If only steampunk augments were real...
If you’ve played Legend of Grimrock, sitting down with Vaporum will practically be second nature. It utilises a tile-based movement system with real-time combat, and focuses on exploration, puzzle solving, monster fighting, and loot collecting. Key differences include a streamlining of combat (spells can be cast with hotkeys instead of inputting specific ruin combinations), the removal of parties (you’re all on your own here), and a switch to a steampunk setting. The latter of those is what really makes Vaporum stand out, with its mechanical arachnids, steam-powered suits of armour, and decidedly old-school weaponry.
Of course, your enjoyment of all that will likely come down to how much you enjoy the basic act of dungeon crawling. For myself, I found that it got pretty stale early on; most one-on-one encounters boil down to repeating “attack, sidestep, attack” ad nauseam. With this being my first exposure to this type of game, it’s entirely possible that it’s just not really my style. However, even on the “Normal” difficulty, enemies are so spongy that experienced players may find their patience tested.
What I really want to touch on is some of the game’s “puzzles”, though - in scare quotes, because they’re not really puzzles. They’re effectively races in which you need to press a switch and then make a mad dash to a door before it closes. Unless there are hidden shortcuts I was overlooking, the time limits are strict; if I made it through, it was often with the door immediately slamming shut behind me. Here’s where the tile-based movement turns into a real pain.
In the average first-person action game, there are all sorts of “exploits” you could use to speed up such a process. For instance, you could move until you were just in range of the switch, then slam it while simultaneously turning the camera, and hug the corners of the map while running through the door. It might still be close, but there’s a slightly wider margin for error. Here, your character rotates in 90 degree increments; you must be perpendicular to the wall if you want to hit the switch. Then, every movement you make afterwards - be it turning or moving - happens in a static amount of time. Your only real options for speeding up are to memorize the path so you don’t have to rotate the camera, or make sure you’re pressing the needed button immediately after the previous animation ends.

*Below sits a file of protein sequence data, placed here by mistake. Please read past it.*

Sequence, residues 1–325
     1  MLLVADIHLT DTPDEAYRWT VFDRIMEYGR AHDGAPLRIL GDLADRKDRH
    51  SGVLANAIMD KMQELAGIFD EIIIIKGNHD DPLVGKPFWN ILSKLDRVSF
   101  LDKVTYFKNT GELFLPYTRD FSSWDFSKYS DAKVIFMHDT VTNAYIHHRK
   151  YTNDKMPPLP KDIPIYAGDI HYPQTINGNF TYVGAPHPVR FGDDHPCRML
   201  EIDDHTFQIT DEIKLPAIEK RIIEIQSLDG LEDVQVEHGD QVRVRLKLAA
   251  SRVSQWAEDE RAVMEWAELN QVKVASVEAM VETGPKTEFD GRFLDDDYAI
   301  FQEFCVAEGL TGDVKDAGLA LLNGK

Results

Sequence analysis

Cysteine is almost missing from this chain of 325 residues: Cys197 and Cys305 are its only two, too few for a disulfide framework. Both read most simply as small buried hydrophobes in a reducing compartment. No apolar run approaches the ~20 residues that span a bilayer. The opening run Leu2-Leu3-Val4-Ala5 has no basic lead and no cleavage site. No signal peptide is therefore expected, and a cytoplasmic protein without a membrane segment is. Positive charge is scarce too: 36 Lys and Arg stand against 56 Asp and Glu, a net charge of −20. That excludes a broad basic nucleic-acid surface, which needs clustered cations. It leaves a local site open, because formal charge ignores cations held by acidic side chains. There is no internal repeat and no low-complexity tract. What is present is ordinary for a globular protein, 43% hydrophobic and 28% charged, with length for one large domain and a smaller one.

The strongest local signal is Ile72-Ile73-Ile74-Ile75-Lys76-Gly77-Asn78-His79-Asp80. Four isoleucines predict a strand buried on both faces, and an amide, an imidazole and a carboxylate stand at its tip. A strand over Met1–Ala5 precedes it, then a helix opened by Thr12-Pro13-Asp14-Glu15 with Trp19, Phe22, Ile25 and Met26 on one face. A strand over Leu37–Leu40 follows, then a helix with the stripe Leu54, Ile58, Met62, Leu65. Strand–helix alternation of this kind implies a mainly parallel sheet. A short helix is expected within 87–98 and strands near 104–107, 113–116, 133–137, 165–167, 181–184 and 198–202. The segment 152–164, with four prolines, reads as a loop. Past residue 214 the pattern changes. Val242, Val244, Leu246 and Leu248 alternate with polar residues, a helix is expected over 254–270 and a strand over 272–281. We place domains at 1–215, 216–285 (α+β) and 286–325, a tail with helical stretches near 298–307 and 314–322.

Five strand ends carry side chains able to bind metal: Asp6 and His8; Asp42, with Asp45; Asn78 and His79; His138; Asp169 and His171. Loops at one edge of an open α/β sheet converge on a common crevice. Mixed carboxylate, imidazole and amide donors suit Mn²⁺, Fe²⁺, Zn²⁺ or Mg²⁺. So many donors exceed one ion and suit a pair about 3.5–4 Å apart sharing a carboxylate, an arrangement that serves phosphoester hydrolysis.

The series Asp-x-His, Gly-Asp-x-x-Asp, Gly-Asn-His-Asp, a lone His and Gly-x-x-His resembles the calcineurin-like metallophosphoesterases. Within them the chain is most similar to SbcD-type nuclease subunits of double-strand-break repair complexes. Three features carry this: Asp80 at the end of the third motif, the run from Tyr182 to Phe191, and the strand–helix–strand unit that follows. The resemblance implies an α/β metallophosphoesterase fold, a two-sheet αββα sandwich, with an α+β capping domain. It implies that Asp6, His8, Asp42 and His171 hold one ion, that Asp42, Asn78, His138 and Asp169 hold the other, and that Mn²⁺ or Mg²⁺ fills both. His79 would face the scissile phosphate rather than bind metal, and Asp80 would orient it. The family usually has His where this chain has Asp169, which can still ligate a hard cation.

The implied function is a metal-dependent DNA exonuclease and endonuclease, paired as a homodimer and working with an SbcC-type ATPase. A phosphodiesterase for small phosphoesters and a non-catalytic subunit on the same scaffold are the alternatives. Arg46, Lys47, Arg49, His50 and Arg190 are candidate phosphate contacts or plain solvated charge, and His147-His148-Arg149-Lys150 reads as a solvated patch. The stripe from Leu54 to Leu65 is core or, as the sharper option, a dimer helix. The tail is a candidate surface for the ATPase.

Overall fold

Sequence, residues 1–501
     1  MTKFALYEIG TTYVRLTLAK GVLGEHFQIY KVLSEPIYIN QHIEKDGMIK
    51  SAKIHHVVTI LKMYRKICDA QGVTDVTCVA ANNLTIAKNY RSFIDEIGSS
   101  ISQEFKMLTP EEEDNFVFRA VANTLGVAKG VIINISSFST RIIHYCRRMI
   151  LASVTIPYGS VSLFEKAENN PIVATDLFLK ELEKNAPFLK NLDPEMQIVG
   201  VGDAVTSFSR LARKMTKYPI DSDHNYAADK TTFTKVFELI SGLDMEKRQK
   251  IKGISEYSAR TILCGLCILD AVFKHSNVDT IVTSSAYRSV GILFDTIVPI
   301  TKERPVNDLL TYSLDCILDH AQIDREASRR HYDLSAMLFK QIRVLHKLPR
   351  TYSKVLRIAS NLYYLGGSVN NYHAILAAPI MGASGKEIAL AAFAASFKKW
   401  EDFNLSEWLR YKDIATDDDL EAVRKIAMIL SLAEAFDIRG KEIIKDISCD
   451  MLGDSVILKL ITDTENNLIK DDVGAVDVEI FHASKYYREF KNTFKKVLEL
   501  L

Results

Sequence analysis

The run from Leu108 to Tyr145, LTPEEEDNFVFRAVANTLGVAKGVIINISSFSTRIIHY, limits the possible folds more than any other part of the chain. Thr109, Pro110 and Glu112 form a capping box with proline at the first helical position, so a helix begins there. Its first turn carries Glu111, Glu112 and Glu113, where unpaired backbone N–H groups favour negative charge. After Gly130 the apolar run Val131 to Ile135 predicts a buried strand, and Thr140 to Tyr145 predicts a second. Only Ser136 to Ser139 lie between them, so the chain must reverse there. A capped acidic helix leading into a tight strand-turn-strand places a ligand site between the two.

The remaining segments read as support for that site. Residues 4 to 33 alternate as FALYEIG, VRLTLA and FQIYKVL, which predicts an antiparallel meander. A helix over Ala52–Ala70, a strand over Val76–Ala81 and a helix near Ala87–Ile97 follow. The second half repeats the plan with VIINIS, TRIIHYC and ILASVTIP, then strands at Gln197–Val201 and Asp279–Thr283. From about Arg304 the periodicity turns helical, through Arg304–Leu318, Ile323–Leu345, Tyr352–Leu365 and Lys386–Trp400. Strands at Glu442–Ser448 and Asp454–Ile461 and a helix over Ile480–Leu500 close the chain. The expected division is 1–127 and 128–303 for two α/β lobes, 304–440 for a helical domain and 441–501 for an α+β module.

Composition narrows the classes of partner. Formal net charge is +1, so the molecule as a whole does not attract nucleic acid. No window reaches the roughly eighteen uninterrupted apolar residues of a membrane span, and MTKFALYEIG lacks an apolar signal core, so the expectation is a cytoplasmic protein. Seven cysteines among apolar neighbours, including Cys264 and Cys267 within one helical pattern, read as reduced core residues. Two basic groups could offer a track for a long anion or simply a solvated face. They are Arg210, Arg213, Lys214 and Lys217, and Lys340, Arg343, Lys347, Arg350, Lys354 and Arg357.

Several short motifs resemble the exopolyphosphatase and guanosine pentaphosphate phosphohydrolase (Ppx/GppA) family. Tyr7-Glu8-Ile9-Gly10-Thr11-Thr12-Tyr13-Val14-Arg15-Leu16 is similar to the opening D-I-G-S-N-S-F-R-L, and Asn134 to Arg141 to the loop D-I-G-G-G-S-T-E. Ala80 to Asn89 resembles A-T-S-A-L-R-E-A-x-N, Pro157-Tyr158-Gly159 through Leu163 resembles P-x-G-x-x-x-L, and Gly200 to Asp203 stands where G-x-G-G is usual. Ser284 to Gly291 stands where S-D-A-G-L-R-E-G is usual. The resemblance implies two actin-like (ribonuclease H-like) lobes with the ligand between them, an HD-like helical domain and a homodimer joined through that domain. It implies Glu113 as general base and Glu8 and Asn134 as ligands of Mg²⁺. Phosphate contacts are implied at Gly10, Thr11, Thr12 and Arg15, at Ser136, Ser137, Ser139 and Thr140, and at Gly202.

Now, for me, these puzzles were a bit of a nuisance; nothing more. After visiting the Steam forums, though, I learned that they were a real accessibility issue for some. One user in particular suffered from muscular dystrophy so found the game next to impossible to complete. The only useful suggestion to assign a mouse or keyboard macro to input the necessary button presses. Unfortunately, this could easily run into input speed problems. Unless the game actively queues commands (something which I haven’t noticed), it would take a ton of tweaking to ensure that the inputs were fast enough to get you through the door without outpacing the game along the way.
This got me thinking about accessibility in the wider sense – some games aren’t as forgiving as Vaporum. At least here, the whole situation is isolated; you could in theory pause the game in front of the switch, figure out a strategy (macro or otherwise), then immediately implement it and continue. In other games, that’s not really an option. How many action games rely on QTEs for their big set-pieces? Of those, how many either give extremely short windows of time to press the necessary buttons, or expect you to mash a button like it’s a spider that refuses to stay dead?
Games have been taking steps to become more accessible as they start to appeal to a wider audience. I’ve seen colourblind options in settings menus with increasing frequency, and opening games to those with various motor deficiencies seems like a logical next step. According to CanChild, five to six per cent of school-aged children are affected by developmental coordination disorder, a condition that impedes motor skills that often worsen later in life. That may not seem like a large number, but in the grand scheme of things, that’s thousands (or even millions) of potential players who are gated off from games due to something largely out of their control.
Now, this isn’t some call to rework every single game to be accessible to everyone. Developers have clear visions for their products, and nobody should ever feel forced to make changes to their project for the sake of mass appeal. However, I think that it’s an important point for developers to consider: is there a better way?
The timed puzzles in Vaporum didn’t add anything to the experience; if they weren’t there, I wouldn’t be thinking, “Man, I really wish this game was faster”. Plus, considering the overall methodical nature of the game, they stick out like a sore thumb. Sure, combat requires well-timed dodges, but there’s still a significant delay between dodging, attacking, etc. Besides, at least combat difficulty can be lowered with a slider. Some people don’t have that luxury in their everyday life; physical and mental health don’t come with difficulty sliders. I don’t think there’s anything wrong with giving a bit more consideration to those who are already playing life on “Expert”.